For the long-term benefit of all stakeholders and the company, director compensation should be determined by the same type of formula approach. However, in order to implement such a compensation philosophy for directors, the corporate world must disabuse itself of a number of myths and outdated rules. These include: all directors should receive the same base compensation, director pay should be tied to “peer-group” comparisons and directors will make better decisions if their compensation is based on stock performance.
Director Selection Revisited
Instead, directors should receive base compensation predicated on the experience and value they bring to the board. Other than the ego of existing directors, there is no reason why a company should have to raise the compensation of all directors to attract a new director who can add unique value, experience and perspective. Then, additional director compensation should be based on a set of benchmarks that are critical to the overall value, development and long-term growth of the company.
For example, a pool of compensation could be developed for the board members based on results such as increase in profits, growth in revenues, reduced expense ratios, employee turnover, increased market share and stock performance. These critical measurements may not be the same for all companies – nor should they be – but the idea would be to establish a compensation plan for board members that focuses their interest, attention and actions on the key performance measures that benefit all stakeholders in the company and not just those who may happen to be stockholders at the time.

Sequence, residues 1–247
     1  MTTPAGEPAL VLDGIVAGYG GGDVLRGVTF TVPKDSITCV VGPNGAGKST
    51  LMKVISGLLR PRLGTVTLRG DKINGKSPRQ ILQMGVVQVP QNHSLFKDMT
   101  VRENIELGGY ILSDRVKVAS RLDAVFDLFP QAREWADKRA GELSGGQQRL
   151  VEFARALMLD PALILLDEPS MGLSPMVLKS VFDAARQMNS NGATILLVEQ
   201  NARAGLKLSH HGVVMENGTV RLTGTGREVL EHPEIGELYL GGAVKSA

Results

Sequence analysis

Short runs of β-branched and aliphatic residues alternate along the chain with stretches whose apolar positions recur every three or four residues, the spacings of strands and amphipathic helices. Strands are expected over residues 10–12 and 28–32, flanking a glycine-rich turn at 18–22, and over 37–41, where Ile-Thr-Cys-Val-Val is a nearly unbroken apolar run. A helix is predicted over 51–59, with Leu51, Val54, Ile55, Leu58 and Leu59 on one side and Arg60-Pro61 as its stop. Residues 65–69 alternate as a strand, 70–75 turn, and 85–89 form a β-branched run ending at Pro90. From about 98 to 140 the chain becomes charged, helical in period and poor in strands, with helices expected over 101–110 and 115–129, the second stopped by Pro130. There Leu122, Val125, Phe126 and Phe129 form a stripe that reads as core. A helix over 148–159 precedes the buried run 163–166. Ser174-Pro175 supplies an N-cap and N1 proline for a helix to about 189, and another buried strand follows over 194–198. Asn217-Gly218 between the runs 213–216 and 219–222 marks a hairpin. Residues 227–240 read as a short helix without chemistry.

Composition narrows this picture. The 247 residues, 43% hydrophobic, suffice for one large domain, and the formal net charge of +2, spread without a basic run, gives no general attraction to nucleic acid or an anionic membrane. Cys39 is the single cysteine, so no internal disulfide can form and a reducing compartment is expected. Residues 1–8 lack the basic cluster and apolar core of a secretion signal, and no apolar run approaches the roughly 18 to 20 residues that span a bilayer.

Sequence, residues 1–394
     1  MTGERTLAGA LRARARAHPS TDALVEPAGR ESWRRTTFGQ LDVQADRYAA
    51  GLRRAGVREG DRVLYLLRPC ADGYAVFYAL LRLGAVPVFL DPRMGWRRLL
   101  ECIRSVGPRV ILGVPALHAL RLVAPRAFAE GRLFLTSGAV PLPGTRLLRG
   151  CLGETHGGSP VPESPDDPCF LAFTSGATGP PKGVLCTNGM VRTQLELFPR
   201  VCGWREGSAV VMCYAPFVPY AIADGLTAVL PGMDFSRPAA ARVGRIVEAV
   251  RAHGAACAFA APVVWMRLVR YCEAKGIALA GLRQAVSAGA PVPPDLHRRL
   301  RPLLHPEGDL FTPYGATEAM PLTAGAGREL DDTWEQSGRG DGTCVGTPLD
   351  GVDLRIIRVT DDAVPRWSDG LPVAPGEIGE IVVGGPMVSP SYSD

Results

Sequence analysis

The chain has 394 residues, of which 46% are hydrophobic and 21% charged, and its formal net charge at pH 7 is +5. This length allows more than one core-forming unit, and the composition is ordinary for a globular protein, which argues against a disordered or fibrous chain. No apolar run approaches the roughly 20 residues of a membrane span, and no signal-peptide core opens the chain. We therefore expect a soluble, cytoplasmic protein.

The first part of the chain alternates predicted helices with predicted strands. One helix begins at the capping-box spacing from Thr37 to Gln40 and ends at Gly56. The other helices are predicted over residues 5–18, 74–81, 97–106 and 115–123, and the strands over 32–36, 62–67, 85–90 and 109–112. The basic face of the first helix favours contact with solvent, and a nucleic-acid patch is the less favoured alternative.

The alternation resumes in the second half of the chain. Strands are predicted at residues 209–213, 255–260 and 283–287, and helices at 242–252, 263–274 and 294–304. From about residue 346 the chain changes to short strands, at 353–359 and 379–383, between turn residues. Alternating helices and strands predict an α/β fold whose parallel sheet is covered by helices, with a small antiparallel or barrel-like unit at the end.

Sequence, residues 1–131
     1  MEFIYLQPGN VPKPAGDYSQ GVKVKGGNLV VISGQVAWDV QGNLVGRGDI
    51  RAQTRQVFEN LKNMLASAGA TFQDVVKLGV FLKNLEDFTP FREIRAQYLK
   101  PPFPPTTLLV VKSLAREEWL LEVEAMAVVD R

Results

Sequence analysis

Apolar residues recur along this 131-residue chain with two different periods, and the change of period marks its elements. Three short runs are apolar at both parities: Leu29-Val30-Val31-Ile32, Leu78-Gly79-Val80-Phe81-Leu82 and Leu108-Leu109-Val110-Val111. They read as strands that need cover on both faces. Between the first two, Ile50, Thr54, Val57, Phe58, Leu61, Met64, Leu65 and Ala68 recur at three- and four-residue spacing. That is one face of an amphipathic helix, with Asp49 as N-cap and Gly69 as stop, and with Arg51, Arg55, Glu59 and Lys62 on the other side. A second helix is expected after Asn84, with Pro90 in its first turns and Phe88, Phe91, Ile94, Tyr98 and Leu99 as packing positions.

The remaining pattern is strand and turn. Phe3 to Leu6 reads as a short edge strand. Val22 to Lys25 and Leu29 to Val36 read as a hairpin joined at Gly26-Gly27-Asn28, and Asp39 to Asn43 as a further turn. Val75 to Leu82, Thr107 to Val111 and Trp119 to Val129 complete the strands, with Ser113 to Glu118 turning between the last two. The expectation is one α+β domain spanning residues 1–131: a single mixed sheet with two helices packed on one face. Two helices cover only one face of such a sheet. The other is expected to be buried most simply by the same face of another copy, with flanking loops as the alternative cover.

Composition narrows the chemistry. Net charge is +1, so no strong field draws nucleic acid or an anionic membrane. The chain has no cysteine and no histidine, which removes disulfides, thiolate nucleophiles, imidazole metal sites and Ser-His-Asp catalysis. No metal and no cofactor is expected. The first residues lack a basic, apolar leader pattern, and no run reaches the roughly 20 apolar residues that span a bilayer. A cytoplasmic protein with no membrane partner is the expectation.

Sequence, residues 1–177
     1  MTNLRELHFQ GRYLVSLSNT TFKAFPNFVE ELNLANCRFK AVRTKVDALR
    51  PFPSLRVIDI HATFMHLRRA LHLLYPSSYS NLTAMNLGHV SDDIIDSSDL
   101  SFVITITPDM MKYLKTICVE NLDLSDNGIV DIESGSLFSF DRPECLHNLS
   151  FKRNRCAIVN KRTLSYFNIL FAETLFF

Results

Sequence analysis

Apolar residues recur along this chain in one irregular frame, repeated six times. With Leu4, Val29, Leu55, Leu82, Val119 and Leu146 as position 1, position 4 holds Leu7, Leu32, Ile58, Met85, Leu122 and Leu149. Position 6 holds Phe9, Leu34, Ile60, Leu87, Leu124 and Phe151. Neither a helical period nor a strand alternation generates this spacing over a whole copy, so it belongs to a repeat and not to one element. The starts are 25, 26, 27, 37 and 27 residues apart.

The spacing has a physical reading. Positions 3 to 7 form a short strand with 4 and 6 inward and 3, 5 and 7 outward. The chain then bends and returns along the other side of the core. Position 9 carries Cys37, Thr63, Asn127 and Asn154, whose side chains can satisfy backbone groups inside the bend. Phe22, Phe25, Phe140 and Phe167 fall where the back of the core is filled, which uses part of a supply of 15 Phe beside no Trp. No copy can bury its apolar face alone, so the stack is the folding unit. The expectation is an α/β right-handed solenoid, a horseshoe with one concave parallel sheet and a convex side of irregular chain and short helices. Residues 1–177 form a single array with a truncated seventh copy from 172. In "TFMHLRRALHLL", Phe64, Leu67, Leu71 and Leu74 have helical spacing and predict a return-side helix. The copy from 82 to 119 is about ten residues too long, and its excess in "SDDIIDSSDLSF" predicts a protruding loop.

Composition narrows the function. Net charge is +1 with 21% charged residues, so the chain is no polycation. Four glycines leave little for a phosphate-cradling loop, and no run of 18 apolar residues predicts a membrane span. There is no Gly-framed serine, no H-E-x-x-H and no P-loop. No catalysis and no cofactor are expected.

This may be nothing but a pipe-dream, but should a company take this approach with its board of directors it will benefit from having directors who care about to overall growth and value of a company, not just one group. And in the long run, that will be better.
And the Moral of the Story …
For the most part, boards of directors for public corporations are mired in an outmoded paradigm of the past. There may have been a time when the sole purpose for the existence of these companies was to enrich powerful shareholders, at the expense of all else. In this environment it was reasonable to base director compensation exclusively in relation to the performance of the stock price. Unfortunately, while this approach did enrich some, it also lead to abuse – both to other stakeholders in the company and the long-term growth of the company. There is a litany of inappropriate and often illegal actions taken by boards that were focused only on one element of a company’s value.
There should be a more enlightened and broader approach to the function and responsibility of a board of directors and how the directors should be compensated. Directors should be rewarded for their ability to represent the interests of all stakeholders, not just shareholders. Directors should be rewarded for their ability to monitor and encourage actions that will lead to the long-term development, success and viability of the organization. The good news is that ultimately this approach will be in the best interests of all shareholders.